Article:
After James Stirling’s Florey Building sent the university cowering into architectural conservatism, the Blavatnik suggests a more optimistic agenda, says Ellis Woodman
In the Stirling Prize’s 20-year history, Herzog & de Meuron’s Blavatnik School of Government is the first building commissioned by either the University of Oxford, or any of its 38 colleges, to be shortlisted. Given the quantity of new building that our premier university undertakes, the financial resources at its disposal and its function as a crucible for progressive thought, it might be considered surprising that its record of patronage is not more distinguished. What cause could be identified? Awkwardly, a great many in the city would blame the very architect after whom the Stirling Prize is named.
James Stirling’s Florey Building is widely thought to have killed off modern architecture in Oxford. Commissioned in 1966 by Howard Florey, the then provost of the Queens’ College, Stirling’s glass and red-tiled residential block was conceived as an emphatic departure from the traditional Oxford quad. It is raised on raked, concrete piloti, its bedrooms wrapped into a pseudo-amphitheatre, fully glazed on one side and bearing a striking resemblance to the backside of a football stadium on the other.
’It is not a place to encourage a man to get out of bed in the morning’
Unsurprisingly, not all the provost’s colleagues were equally enthused and when Florey died mid-way through construction, his architect found himself in the position of completing the project for a client body that was fundamentally opposed to the design. A campaign of interference and cost-cutting ensued: tea-making areas intended to animate the corridors were never installed, paving in the central courtyard was exchanged for grass, and the architect’s characteristically virulent colour scheme was abandoned in favour of magnolia.
The college’s antipathy was only fuelled by a catalogue of technical deficiencies that included poor thermal performance, tiles falling off and inadequate acoustic separation between rooms. Legal action followed but many of the technical problems remained, and a generation of Oxford bursars determined never to find themselves in a similar bind. In his Guide to Oxford, published just a decade after the building’s 1971 completion, Peter Heyworth ends a damning assessment by noting ‘it has an unloved air about it and it is not a place to encourage a man to get out of bed in the morning’.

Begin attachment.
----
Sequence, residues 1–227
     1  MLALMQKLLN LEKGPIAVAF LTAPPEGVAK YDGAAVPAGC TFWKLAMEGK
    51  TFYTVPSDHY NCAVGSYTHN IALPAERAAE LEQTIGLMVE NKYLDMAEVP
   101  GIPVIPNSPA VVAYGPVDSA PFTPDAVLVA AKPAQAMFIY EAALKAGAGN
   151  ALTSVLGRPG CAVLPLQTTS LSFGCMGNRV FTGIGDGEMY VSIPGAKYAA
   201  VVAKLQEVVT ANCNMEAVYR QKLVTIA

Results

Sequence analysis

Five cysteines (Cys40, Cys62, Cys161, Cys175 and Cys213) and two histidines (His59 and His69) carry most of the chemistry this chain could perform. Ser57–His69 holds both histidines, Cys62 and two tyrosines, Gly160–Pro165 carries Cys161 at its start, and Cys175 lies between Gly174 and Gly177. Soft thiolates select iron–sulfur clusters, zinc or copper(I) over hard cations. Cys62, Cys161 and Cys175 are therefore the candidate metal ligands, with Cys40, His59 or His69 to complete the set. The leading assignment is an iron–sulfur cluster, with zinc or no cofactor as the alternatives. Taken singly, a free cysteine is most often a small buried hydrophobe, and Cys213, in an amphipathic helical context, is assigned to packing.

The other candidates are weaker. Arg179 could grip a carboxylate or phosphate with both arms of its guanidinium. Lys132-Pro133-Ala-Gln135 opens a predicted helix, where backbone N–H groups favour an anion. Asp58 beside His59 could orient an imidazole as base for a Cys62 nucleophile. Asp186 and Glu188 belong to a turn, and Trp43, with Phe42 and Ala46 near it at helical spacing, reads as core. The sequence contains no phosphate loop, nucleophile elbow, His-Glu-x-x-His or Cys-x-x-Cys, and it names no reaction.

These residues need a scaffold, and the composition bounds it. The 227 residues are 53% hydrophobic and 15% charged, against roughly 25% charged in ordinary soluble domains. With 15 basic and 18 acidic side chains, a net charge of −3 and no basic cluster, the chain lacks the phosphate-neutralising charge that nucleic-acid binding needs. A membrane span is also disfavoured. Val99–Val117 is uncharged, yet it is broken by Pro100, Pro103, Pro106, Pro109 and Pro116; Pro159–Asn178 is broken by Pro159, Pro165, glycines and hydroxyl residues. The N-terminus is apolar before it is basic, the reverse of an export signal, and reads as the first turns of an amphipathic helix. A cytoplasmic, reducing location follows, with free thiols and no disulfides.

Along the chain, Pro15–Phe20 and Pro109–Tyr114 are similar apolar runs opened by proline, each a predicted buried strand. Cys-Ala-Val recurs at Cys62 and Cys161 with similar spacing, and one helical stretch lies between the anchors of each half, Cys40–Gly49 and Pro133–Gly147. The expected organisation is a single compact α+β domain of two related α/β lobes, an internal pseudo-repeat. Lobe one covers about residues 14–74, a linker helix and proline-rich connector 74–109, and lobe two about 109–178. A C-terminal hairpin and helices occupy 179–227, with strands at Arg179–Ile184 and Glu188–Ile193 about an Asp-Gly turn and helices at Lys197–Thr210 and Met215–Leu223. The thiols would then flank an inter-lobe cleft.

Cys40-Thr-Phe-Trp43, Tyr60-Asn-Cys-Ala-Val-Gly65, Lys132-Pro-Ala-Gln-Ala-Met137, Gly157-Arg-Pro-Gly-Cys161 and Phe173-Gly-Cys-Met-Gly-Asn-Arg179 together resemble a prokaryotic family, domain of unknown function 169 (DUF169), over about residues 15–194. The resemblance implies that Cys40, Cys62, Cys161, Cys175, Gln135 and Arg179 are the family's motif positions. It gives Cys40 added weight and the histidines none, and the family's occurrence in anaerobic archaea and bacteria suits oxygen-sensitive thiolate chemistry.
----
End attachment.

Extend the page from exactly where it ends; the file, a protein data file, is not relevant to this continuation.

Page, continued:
The failure to realise the intended access from a public route running along the Florey’s river frontage has always made this a particularly difficult building to visit. Entry is by way of the car park at the rear and, despite a number of efforts over the years at charming the Cerberean porter, I had never made it past the security gate. So when the Queen’s College contacted me last year to ask whether the Architecture Foundation would be interested in organising an event in the building, I didn’t take any persuading.
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The residential masterclass we have just staged there provided 60 architects from across the world with the opportunity to stay at the Florey prior to a not-uncontroversial £19 million refurbishment. It wasn’t hard to see where a large part of that money might go; in its present condition, the Florey plays as a veritable tragicomedy of thwarted ambition. But at the end of five days many of us left convinced that this much maligned building ranked among its architect’s most singular achievements. It is tempting to see it as the architectural equivalent of The Magnificent Ambersons – Orson Welles’ follow-up to Citizen Kane – which was hated by the studio that had paid for it, re-edited and effectively buried.
Many of us left convinced that this much maligned building ranked among its architect’s most singular achievements
Certainly, there has been nothing as remotely exciting as the Florey built in Oxford in the interim. For many years, the offices of the late Richard MacCormac and Rick Mather dominated procurement lists. Both were highly adept at the provision of a deferential stripe of modern architecture, wary of technical innovation and fundamentally conservative in its social ambitions. Does the completion of the Blavatnik finally signal the return of a more optimistic agenda? I very much hope so. For all its faults, the Florey stands as testament to the university building’s unique capacity to serve as a site of formal and social experiment, an incubator for the future.